Yamaha Montage 6 Synthesizer
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Yamaha has a long, storied history, and during the 2016 Winter NAMM Show, Yamaha introduced their new flagship synthesizer, MONTAGE. Combining two independent sound engines, AWM2 (waveform and subtractive synthesis, from the highly regarded Motif series) and FM-X (a modern take on Frequency Modulation synthesis, from the classic DX-7 synth), Yamaha has put a lot of power under the hood. They have also greatly expanded the memory—Yamaha claims nearly ten times the waveform data as the Motif XF, and an additional 1.75GB of user flash memory is provided, too. Throw in backwards compatibility with Motif sounds and a patch converter to import actual DX-7 patches and there is plenty to be excited about.
To control it all, Yamaha has introduced a new performance feature called Motion Control. Motion Control provides an interesting way to control modulations and alterations of sounds in real time via the “Super Knob,” from which you can control sixteen overall Performance parameters in addition to sixteen individual Part parameters in real time. This synth is definitely different than what you are used to—from Yamaha or anybody else. What do we think? Read on.
We reviewed the MONTAGE 6 with a 61-key synth action keyboard. The MONTAGE 7 has 76 keys, and the MONTAGE 8 features a fully weighted, 88-key keyboard. Other than size/weight/keys, they are functionally identical. And there’s a lot to cover, so let’s start with the sounds.
AWM2 represents Yamaha’s sample-based and subtractive synthesis engine, and there’s nearly six gigabytes of sounds in that library. There’s also 1.75GB of flash memory available for your own sample and library data, and any Motif XF library can be loaded into the MONTAGE. MONTAGE provides up to 128-note stereo polyphony, and you can layer and split sounds across up to eight zones.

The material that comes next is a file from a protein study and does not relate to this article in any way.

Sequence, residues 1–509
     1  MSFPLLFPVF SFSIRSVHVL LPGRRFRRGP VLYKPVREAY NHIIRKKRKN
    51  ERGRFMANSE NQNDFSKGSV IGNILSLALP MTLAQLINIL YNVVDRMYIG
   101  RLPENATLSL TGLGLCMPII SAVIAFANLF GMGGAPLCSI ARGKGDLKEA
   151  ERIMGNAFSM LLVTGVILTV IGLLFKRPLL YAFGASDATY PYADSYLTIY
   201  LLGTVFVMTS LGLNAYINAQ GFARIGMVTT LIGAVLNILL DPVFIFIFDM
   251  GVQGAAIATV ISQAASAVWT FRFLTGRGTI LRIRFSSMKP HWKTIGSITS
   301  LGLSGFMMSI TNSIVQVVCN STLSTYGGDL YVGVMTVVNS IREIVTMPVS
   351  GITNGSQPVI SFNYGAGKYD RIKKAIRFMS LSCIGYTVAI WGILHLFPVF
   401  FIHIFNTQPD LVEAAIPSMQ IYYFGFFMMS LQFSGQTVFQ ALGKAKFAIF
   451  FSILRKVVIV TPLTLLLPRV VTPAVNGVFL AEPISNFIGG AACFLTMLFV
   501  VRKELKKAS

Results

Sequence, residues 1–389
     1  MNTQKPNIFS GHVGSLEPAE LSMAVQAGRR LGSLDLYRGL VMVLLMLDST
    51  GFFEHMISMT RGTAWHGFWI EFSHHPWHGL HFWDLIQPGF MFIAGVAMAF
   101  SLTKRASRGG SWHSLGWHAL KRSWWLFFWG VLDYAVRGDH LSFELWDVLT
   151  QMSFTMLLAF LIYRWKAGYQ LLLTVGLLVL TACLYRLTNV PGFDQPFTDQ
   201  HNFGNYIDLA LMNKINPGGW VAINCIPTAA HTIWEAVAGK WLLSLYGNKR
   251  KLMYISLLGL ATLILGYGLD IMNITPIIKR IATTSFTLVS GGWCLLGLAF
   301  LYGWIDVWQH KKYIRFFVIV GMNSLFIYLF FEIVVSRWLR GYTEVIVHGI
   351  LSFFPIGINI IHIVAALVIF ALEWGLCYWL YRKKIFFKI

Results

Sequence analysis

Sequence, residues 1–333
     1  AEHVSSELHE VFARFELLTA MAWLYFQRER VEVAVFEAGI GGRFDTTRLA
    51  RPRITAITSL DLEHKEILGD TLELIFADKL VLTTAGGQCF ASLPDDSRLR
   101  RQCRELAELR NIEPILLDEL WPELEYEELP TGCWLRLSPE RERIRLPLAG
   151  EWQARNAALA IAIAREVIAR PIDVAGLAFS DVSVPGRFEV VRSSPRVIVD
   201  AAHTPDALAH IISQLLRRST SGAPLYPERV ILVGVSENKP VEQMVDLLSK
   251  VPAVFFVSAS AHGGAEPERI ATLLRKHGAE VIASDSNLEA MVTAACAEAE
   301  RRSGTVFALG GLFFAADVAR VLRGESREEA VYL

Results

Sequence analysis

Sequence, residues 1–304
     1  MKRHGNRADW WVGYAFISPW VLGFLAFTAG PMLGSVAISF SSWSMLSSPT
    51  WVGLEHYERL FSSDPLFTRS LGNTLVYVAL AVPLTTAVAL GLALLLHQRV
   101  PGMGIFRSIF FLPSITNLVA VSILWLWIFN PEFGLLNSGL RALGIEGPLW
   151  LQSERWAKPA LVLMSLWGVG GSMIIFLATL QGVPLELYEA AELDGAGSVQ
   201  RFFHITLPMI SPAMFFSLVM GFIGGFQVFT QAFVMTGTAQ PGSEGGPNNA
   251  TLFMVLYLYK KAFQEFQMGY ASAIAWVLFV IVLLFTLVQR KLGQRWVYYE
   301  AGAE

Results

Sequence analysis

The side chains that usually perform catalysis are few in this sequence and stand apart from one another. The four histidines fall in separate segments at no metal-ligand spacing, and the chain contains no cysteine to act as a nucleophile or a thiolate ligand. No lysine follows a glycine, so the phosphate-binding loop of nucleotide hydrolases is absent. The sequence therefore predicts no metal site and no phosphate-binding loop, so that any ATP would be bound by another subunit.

The FM-X engine features an eight-operator FM architecture, also with 128-note polyphony. The FM-X engine also has eighty-eight algorithms, seven spectral forms, panning, resonance filters, and the ability to use multiple FM parts in a single performance. This is significantly more power than the classic and beloved DX-7, which (back in the ‘80s) offered only six operators, sixteen-voice polyphony, thirty-two algorithms, no filters, effects, panning, nor the ability to use multiple FM parts simultaneously. Even better, all of the physical controls (and the inclusion of a touch screen) make the MONTAGE’s enhanced FM synthesis much easier to manipulate than the DX-7 (which rocked a classic membrane, push-button interface), and with Motion Control, your sounds can get more lively and animated than the DX-7 could ever imagine.
Speaking of controls… holy moly! [Editor’s Note: Yes, we left “moly” in here. When do you ever get to hear such a word anymore?] Yes, some of the controls may look familiar to Motif users, but there’s even more here. There are eight rotary knobs, eight faders, and lots of buttons. Like the Motif, many of these controls have multiple functions (usually toggled by a nearby button), and there’s also an additional larger knob named the “Super Knob,” as well as a large, color touch screen.